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Afghan chaos leads to resignations and reshuffling — in Europe, but not in Washington

Dutch Foreign Affairs Minister Sigrid Kaag speaks to reporters after she announced her resignation on Sept. 16, after members of parliament voted in favor of a motion of censure against her, in The Hague. (Sem Van Der Wal/EPA-EFE/REX/Shutterstock)
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After a majority of the Dutch parliament affirmed this week that the government had mishandled evacuations from Afghanistan after the Taliban takeover, Sigrid Kaag said she had only one option: resign as foreign minister.

“Although I stand by our commitment, I can only accept the consequences of this judgment as the minister with ultimate responsibility,” Kaag said in a statement released Thursday.

On Friday, Kaag was followed by another member of the Dutch cabinet, Ank Bijleveld. The defense minister released her own statement of resignation, noting that she could “no longer adequately take responsibility for my people” amid the criticism.

The moves in the Netherlands are another sign of how the collapse of the Afghan government, preceded by the Biden administration’s decision to withdraw all remaining U.S. troops from the country, appears to be causing more disruption in European capitals than in Washington.

In Britain, Prime Minister Boris Johnson reshuffled his cabinet this week — demoting ally Dominic Raab from foreign secretary, one of the highest political positions in the United Kingdom, and reassigning him as justice secretary.

Much of the criticism of government action in Europe has focused on the slow and chaotic reaction to the fall of Kabul and the ensuing scenes at the city’s airport.

Raab had been criticized for vacationing on the Greek island of Crete while the Taliban was taking over Kabul. He later got into a heated dispute with Defense Secretary Ben Wallace over whether the fall of the Afghan government should have seen foreseen.

(Though Raab was technically demoted, he was also given the new title of deputy prime minister, a position not usually used in Britain, which some interpreted as a simultaneous promotion.)

The Dutch government, meanwhile, had been criticized for not working out a plan to evacuate embassy staff and their families from Kabul, despite repeated diplomatic warnings about the Taliban’s advance.

Lawmakers from across the political spectrum voted this week in favor of the censure of Kaag and Bijleveld, both of whom served in Prime Minister Mark Rutte’s caretaker government. Though the vote did not require them to resign, both chose to.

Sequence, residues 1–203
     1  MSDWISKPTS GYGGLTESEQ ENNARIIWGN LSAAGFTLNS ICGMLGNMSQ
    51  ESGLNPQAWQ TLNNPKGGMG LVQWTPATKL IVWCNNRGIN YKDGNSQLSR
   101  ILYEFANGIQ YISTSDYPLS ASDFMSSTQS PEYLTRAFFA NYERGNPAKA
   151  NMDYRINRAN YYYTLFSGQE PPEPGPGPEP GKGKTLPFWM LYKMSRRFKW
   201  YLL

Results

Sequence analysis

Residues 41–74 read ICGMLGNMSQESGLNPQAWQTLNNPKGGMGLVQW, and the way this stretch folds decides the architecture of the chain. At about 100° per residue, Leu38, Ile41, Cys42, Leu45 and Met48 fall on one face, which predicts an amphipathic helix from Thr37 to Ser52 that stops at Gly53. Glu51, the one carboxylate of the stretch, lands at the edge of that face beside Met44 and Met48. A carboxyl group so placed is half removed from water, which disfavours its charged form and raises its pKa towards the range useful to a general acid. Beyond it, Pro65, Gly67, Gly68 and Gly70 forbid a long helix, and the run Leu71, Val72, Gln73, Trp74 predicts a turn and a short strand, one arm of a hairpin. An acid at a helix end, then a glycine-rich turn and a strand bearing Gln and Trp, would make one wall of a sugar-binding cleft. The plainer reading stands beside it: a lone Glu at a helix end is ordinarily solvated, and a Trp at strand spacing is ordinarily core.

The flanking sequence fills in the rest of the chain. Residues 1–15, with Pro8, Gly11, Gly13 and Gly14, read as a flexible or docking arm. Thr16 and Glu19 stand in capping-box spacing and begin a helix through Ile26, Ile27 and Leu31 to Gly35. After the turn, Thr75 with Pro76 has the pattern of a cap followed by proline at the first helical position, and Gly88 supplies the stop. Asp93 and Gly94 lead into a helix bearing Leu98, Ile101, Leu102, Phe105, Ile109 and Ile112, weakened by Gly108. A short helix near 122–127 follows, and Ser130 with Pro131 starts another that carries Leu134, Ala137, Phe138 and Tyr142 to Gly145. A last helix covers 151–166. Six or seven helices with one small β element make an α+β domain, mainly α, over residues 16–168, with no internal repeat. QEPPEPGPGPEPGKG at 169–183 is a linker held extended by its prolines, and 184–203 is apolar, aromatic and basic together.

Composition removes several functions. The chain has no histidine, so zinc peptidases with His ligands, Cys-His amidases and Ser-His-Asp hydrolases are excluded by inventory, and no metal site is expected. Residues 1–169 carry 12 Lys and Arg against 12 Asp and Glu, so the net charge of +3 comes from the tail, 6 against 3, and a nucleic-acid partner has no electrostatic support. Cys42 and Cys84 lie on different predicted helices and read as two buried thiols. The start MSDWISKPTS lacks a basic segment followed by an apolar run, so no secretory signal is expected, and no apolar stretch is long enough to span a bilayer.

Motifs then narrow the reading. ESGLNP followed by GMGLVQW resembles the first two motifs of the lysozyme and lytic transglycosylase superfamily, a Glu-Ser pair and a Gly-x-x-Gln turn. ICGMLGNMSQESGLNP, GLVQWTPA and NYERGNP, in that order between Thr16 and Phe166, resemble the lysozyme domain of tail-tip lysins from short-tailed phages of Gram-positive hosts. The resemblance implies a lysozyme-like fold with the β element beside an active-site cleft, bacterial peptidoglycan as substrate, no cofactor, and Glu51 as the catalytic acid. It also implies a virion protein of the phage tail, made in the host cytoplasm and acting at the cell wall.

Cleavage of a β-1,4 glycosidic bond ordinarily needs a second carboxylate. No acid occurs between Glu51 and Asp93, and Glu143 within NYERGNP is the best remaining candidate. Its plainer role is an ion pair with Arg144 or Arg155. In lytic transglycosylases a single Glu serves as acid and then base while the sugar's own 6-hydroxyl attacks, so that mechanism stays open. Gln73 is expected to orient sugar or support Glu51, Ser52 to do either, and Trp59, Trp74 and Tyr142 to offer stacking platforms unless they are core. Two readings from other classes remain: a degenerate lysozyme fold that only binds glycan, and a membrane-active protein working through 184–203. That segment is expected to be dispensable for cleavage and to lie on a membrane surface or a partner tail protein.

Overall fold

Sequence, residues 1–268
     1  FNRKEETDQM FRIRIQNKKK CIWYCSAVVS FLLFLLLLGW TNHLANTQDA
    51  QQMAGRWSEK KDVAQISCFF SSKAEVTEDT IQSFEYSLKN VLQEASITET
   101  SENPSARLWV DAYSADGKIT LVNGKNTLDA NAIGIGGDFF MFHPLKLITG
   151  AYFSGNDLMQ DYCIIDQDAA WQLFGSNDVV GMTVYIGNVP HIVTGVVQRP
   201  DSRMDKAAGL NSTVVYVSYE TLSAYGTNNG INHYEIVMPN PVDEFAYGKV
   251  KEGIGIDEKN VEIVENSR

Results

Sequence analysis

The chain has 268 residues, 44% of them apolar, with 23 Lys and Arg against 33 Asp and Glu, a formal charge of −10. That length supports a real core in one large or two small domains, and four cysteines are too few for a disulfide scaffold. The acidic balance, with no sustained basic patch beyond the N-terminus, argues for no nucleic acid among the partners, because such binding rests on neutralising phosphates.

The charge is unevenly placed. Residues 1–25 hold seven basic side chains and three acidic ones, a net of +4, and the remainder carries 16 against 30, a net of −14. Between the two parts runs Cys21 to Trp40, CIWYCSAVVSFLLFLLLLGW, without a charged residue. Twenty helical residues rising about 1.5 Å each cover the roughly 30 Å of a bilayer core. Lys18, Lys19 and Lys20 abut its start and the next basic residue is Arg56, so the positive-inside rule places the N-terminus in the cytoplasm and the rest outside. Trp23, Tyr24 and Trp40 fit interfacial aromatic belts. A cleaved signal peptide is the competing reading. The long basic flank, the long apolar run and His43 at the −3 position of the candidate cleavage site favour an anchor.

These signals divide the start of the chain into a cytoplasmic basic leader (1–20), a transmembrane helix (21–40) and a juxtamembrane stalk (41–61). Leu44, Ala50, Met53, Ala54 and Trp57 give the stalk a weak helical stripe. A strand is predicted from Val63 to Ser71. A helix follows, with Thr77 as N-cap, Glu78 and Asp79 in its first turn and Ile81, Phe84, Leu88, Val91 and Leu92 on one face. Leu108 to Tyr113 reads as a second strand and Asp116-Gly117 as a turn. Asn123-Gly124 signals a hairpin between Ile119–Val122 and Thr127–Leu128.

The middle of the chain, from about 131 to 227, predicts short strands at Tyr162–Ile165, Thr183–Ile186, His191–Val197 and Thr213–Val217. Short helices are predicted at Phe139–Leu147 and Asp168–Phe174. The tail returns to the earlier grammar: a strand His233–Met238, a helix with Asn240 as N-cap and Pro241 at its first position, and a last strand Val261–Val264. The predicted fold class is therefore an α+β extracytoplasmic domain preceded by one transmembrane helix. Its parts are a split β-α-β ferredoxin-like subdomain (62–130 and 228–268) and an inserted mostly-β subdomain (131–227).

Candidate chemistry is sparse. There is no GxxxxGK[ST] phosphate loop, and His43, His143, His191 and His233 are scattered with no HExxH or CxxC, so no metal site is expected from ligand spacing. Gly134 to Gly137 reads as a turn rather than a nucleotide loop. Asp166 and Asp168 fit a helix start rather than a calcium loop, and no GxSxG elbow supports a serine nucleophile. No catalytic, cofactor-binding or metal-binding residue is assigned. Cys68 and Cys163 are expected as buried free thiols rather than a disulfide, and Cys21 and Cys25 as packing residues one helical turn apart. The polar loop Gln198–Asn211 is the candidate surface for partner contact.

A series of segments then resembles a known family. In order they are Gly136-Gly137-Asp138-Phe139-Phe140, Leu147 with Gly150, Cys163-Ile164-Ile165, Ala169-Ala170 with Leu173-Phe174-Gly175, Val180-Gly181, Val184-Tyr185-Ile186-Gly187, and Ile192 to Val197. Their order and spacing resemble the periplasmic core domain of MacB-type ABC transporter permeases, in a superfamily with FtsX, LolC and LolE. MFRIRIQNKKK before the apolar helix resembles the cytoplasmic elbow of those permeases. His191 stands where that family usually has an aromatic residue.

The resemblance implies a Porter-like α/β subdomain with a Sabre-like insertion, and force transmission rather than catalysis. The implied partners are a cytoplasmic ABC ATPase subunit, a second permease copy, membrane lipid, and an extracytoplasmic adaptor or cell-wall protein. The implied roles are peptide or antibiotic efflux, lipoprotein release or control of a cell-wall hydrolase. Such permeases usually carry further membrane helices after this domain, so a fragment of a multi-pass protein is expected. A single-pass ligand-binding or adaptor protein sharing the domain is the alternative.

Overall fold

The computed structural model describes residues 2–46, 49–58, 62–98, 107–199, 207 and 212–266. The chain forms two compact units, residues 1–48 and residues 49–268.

Other governments have also faced harsh criticism for their handling of evacuations. German Foreign Minister Heiko Mass has faced calls to resign after Afghans who worked with his government complained of a dangerously slow path out of the country.

Mass has so far brushed aside these calls, but admitted that the government made mistakes and misjudged the situation. “I don’t know if it’s possible to completely make up for everything,” he told Der Spiegel last month.

The situation in Europe contrasts with that in the United States, where — despite the fact that the Americans led the 2001 invasion of Afghanistan, maintained the largest footprint in the country and ultimately, under President Donald Trump, made a deal with Taliban to pull out U.S. forces — many have moved on.

This week, Secretary of State Antony Blinken faced tough questioning from lawmakers on the Senate Foreign Relations Committee and the House Foreign Affairs Committee about the State Department’s handling of evacuation efforts in Afghanistan. Some lawmakers have called for an independent commission on Afghanistan.

While Republicans have called on Blinken and others to resign, President Biden has said he would not seek any resignations and instead has said he takes full responsibility for any decisions made about Afghanistan.

Polling paints a more complicated picture of Americans’ support of the Biden team, with many strongly backing the administration’s move to pull out of Afghanistan, if not the way it did it.

In Europe, the U.S. pullout has led to renewed calls for the continent to reconsider its military and diplomatic reliance on Washington — calls that have grown only stronger with the continued U.S. travel restrictions on Europe and a new fallout with France over the sale of American submarines to Australia.

Speaking this week in what was widely dubbed a State of the European Union address, European Commission President Ursula von der Leyen suggested that the bloc would need to think about security independence. “Europe can — and clearly should — be able and willing to do more on its own,” von der Leyen said.